And those Native Americans who appear to be sniffing me? Our school mascot. Even now, the students at Pocatello High School (also known as Poky High) are known as the "Pocatello Indians". Don't blame me. I never liked the idea.
It is a strange concept, the High School reunion. To think that 3 years of one's life is so significant that everyone associated should gather every 5 or 10 years. Questionable. And yet, we do. But I find that the people I am most interested in seeing are those who I knew well before we got to High School.
This year's focus was definitely about age and who had died. In one corner of the room a powerpoint slide show played endlessly, showing the names and those old senior pictures of the members of our class who are gone. You'd be talking to a group, remembering something funny and suddenly someone would look up at the slide show and groan, "oh m-a-a-a-n—what happened to her?" Sad stories, one after another, as well as mysteries. We were so sad and puzzled by the suicide last summer of John G. our sweet, cute, successful classmate. His face would rotate up onto the screen and a pall would descend over the crowd. Beyond understanding.
I reconnected with Lea, my old Girl Scout buddy, from so many years ago. We went to camp together and sang harmony around the campfires. We had sleepovers at each other's houses and declared ourselves "best friends" many, many years ago. Our lives have taken different paths, but we were like fourth-grade buddies again the other night. She told me that after her husband died, suddenly and unexpectedly, seven years ago, she went on a mission for her adopted Mormon religion. She worked with African refugees and she simply radiated happiness as she talked about the experience. She is as warm and funny and generous now as she was as a child. And she is the grandmother of 25 grandchildren!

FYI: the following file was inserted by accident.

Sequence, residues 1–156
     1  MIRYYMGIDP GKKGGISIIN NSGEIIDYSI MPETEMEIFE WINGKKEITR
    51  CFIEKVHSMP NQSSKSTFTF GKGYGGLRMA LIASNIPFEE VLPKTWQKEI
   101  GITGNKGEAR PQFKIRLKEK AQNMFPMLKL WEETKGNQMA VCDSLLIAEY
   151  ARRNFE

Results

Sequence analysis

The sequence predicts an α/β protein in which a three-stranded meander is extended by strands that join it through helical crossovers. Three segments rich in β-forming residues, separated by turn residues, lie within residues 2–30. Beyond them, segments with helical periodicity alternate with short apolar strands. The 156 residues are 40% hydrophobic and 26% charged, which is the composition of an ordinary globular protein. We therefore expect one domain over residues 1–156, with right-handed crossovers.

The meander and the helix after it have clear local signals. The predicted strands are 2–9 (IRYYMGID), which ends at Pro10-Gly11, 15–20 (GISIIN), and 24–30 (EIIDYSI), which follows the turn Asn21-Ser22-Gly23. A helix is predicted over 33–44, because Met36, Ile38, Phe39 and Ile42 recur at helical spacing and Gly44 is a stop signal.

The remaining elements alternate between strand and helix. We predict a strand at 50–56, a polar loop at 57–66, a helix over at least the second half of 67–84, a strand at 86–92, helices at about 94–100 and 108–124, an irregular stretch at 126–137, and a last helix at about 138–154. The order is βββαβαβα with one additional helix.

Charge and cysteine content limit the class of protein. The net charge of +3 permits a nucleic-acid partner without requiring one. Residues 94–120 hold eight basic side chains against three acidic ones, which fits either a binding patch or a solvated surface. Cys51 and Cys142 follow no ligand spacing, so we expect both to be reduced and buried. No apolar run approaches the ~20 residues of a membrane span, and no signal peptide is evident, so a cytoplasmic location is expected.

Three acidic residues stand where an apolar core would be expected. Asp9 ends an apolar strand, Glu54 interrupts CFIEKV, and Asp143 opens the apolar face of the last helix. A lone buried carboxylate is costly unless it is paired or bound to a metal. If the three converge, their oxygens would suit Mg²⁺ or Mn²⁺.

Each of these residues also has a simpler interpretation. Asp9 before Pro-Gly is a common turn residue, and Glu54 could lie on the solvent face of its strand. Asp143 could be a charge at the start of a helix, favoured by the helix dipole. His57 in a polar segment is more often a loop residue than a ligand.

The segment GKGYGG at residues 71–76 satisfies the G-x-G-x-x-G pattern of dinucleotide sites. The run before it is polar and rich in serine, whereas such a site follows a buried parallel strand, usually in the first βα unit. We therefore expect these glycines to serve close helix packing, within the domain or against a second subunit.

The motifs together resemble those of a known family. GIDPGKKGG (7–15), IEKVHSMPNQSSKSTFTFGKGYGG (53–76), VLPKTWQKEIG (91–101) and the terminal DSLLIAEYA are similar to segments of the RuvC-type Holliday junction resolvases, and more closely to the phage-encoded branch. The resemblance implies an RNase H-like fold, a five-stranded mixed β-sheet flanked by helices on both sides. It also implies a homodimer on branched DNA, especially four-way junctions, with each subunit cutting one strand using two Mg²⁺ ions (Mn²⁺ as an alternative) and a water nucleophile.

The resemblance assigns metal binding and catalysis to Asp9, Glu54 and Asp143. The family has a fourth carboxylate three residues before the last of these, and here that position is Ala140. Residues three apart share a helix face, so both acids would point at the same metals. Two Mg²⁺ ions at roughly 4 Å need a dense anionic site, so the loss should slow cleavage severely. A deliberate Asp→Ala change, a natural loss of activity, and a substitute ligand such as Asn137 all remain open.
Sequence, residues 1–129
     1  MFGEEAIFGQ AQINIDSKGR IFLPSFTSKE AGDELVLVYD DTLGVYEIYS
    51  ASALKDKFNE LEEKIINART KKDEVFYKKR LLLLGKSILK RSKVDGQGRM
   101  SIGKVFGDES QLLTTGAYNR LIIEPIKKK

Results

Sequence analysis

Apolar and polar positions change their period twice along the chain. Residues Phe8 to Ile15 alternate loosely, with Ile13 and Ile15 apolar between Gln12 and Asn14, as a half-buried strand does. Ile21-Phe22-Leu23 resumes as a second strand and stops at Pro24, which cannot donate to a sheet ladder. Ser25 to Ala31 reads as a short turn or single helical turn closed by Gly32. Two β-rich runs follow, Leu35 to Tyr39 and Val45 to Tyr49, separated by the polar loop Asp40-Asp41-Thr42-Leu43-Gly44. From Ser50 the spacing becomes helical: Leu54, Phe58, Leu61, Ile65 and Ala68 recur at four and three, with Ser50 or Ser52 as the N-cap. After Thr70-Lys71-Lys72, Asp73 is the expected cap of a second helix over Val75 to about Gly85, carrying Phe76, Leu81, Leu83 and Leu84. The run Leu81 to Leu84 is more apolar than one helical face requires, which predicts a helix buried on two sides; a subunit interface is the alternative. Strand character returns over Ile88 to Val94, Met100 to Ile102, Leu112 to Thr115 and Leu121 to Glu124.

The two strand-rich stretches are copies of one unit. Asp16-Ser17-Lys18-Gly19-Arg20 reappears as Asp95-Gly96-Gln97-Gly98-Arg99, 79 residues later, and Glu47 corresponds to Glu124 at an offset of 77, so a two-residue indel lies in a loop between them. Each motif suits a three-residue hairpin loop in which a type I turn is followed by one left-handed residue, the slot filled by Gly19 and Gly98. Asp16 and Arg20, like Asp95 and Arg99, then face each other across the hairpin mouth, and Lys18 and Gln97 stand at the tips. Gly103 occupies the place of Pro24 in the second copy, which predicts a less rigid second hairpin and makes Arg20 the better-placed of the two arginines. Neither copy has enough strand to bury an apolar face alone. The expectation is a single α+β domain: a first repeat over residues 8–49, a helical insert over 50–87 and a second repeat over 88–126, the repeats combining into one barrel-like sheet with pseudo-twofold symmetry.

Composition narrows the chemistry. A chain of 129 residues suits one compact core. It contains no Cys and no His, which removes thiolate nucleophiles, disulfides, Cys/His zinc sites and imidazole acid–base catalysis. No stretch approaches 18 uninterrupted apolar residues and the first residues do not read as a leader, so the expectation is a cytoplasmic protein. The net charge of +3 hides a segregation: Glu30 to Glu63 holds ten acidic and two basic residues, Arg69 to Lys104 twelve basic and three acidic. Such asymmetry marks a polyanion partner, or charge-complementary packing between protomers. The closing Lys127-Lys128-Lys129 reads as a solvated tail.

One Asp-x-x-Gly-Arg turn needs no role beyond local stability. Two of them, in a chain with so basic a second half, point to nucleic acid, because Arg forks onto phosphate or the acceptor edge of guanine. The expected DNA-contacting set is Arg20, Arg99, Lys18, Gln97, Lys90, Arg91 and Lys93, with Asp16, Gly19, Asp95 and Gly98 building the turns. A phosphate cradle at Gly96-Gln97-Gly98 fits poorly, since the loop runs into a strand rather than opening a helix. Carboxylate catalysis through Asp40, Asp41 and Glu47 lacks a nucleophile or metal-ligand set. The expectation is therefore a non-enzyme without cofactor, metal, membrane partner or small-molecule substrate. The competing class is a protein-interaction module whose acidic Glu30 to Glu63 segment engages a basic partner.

Some observations after 45 years:
- Our generation was the first to recieve the polio vaccine, but there were a few who had polio before the vaccine. It was such a terrible disease and now we see those who had it as small children once again suffering terrible late life effects. If you never had to see friends afflicted with this disease, you are more fortunate than you probably realize.
- The "Franklin Clique" (those cute girls who came to our High School from Franklin Jr. High, one of four in the city) were snooty then and are snooty now. Geez.
- Our class president grew up to be an insufferable windbag.
- The "smart guys" have aged a lot better than the "cool guys".
- When you grow up in a Mormon community, your classmates are going to have an unbelievable number of grandchildren. (One I talked to has 51—no lie!)
- I really am an introvert. Talking to all those people exhausted me.
- The people you really want to see don't come to the reunions.
- Despite everything, I'm glad I went.